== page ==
Here's what the Iverson Movie Ranch obsession is all about ...

For an introduction to this blog and to the obsession a growing number of vintage film and TV fans have with the Iverson Movie Ranch — the most widely filmed outdoor location in movie and TV history — please read the site's introductory post, found here.
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• To find specific rock features or look up movie titles, TV shows, actors and production people, see the "LABELS" section — the long alphabetical listing on the right side of the page, below.
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• I've also begun a YouTube channel for Iverson Movie Ranch clips and other movie location videos, which you can get to by clicking here.
• Here's a link to Garden of the Gods, the best-known section of the Iverson Movie Ranch (featured in the movie "Stagecoach," the "Lone Ranger" TV show and hundreds of other productions).
• To go right to the great Iverson cinematographers, click here.
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Thursday, October 30, 2014

Before he showed up at Iverson in "Stagecoach," John Wayne wooed Louise Brooks at the movie ranch in "Overland Stage Raiders"

John Wayne courts Louise Brooks on the Upper Iverson in "Overland Stage Raiders" (1938)

It's a little surprising that John Wayne, probably the biggest Western movie star of them all, only rarely worked on the Iverson Movie Ranch, the most heavily filmed Western movie shooting location by a long stretch. I know of only two Westerns in which the Duke put in time at Iverson: his breakthrough role in John Ford's 1939 masterpiece "Stagecoach," and a much lower-profile appearance the previous year in "Overland Stage Raiders." He also made a high-profile war movie, "The Fighting Seabees," at Iverson in 1944.

"Overland Stage Raiders" was made before Wayne became a big star, when he was still paying his dues playing Stony Brooke in Republic's low-budget Three Mesquiteers series. Wayne did get top billing over fellow Mesquiteers Ray "Crash" Corrigan and Max "Alibi" Terhune, but not by much.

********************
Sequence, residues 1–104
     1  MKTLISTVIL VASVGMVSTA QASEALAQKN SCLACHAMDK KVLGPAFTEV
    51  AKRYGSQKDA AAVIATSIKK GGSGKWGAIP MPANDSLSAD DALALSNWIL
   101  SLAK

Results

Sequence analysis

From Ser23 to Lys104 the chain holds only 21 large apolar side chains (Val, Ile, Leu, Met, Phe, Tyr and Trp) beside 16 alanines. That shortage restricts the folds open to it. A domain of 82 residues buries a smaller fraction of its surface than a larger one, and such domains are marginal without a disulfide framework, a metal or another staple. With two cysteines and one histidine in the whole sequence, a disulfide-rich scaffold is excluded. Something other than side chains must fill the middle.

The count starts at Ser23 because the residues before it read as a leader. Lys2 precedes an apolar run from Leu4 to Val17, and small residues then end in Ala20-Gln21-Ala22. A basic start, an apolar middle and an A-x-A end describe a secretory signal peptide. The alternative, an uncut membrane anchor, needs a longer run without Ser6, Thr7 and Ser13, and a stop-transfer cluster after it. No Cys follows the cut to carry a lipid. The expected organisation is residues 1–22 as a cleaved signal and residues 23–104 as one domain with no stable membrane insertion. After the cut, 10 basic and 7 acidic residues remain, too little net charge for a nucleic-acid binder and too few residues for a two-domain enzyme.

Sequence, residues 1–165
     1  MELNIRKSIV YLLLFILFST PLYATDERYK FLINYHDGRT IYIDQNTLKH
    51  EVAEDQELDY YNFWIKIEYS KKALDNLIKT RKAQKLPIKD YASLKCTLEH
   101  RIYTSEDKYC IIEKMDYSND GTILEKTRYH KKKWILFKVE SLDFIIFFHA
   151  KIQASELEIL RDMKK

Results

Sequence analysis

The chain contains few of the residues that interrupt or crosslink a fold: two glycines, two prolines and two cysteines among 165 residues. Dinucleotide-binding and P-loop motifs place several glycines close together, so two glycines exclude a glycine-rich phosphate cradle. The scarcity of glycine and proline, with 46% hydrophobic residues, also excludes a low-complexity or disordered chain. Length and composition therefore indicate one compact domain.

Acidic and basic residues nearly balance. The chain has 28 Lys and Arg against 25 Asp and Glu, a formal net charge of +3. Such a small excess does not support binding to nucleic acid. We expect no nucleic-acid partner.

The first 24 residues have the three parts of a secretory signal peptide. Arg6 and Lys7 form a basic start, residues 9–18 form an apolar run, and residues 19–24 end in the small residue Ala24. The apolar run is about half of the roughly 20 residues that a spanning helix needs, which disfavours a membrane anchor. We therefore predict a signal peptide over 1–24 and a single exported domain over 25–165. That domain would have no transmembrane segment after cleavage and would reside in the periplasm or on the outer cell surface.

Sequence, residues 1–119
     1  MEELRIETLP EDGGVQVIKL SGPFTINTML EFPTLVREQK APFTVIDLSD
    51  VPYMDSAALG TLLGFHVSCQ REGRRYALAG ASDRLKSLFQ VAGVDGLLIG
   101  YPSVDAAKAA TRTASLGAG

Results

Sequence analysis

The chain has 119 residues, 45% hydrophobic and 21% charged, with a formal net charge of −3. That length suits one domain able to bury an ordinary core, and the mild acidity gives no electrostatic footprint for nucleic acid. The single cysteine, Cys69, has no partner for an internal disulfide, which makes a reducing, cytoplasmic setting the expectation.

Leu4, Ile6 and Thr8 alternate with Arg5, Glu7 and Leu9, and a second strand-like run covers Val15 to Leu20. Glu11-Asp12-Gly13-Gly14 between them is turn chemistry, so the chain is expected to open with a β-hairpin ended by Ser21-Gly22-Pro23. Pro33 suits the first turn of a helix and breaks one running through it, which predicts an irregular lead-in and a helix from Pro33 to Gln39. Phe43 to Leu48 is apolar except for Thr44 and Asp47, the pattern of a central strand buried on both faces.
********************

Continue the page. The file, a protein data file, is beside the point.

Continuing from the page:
Four of the key players in "Overland Stage Raiders" appear in a publicity shot for the movie. In the back row, from left, are John Wayne, Louise Brooks and Ray Corrigan, with Max Terhune in front. Wayne appeared in a total of eight of Republic's Three Mesquiteers features in the span of a little more than a year, from 1938-1939.

John Wayne leads the charge across the Upper Iverson in a blurry screen shot from "Overland Stage Raiders."

Here Wayne and his fellow Mesquiteers work the Gorge on the Lower Iverson.

A still shot offers a better look at Ray Corrigan, left, and John Wayne at work on the Lower Iverson in "Overland Stage Raiders" in 1938. Corrigan was already setting up his own movie location ranch at the time, having bought property in Simi Valley in 1937 and beginning construction on what would become Corriganville — one of the few location ranches to rival the success of Iverson during the heyday of the B-Western.

Wayne and Brooks continued to connect at the wrap party for "Overland Stage Raiders." 

A later poster for the movie gives greater heft to its star, John Wayne, after his career began to take off.

"Santa Fe Stampede" (1938) — Upper Iverson in the background, via rear projection